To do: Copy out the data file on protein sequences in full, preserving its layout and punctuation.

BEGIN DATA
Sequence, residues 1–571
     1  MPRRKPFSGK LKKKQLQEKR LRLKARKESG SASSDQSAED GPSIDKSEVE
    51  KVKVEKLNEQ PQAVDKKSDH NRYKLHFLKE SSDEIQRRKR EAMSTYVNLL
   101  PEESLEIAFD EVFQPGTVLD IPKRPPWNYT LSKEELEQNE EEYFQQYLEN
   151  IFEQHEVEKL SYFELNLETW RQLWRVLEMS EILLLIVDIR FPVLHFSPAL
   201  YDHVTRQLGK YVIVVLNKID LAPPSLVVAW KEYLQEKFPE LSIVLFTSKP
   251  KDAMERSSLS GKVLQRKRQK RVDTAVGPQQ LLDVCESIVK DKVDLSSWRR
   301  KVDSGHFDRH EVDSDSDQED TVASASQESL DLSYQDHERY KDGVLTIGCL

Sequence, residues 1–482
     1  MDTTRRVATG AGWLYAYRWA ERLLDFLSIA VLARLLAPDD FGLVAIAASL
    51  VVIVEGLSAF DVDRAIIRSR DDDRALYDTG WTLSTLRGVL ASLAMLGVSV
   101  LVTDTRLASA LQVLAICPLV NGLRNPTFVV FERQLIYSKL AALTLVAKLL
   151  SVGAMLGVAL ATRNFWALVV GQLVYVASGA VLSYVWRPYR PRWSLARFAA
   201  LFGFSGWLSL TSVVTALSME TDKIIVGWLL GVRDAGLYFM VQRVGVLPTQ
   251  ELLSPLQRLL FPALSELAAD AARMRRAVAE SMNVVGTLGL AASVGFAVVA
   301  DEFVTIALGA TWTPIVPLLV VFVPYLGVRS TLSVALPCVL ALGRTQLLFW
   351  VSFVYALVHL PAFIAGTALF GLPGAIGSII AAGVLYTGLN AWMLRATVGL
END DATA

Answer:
Sequence, residues 1–571
     1  MPRRKPFSGK LKKKQLQEKR LRLKARKESG SASSDQSAED GPSIDKSEVE
    51  KVKVEKLNEQ PQAVDKKSDH NRYKLHFLKE SSDEIQRRKR EAMSTYVNLL
   101  PEESLEIAFD EVFQPGTVLD IPKRPPWNYT LSKEELEQNE EEYFQQYLEN
   151  IFEQHEVEKL SYFELNLETW RQLWRVLEMS EILLLIVDIR FPVLHFSPAL
   201  YDHVTRQLGK YVIVVLNKID LAPPSLVVAW KEYLQEKFPE LSIVLFTSKP
   251  KDAMERSSLS GKVLQRKRQK RVDTAVGPQQ LLDVCESIVK DKVDLSSWRR
   301  KVDSGHFDRH EVDSDSDQED TVASASQESL DLSYQDHERY KDGVLTIGCL

Sequence, residues 1–482
     1  MDTTRRVATG AGWLYAYRWA ERLLDFLSIA VLARLLAPDD FGLVAIAASL
    51  VVIVEGLSAF DVDRAIIRSR DDDRALYDTG WTLSTLRGVL ASLAMLGVSV
   101  LVTDTRLASA LQVLAICPLV NGLRNPTFVV FERQLIYSKL AALTLVAKLL
   151  SVGAMLGVAL ATRNFWALVV GQLVYVASGA VLSYVWRPYR PRWSLARFAA
   201  LFGFSGWLSL TSVVTALSME TDKIIVGWLL GVRDAGLYFM VQRVGVLPTQ
   251  ELLSPLQRLL FPALSELAAD AARMRRAVAE SMNVVGTLGL AASVGFAVVA
   301  DEFVTIALGA TWTPIVPLLV VFVPYLGVRS TLSVALPCVL ALGRTQLLFW
   351  VSFVYALVHL PAFIAGTALF GLPGAIGSII AAGVLYTGLN AWMLRATVGL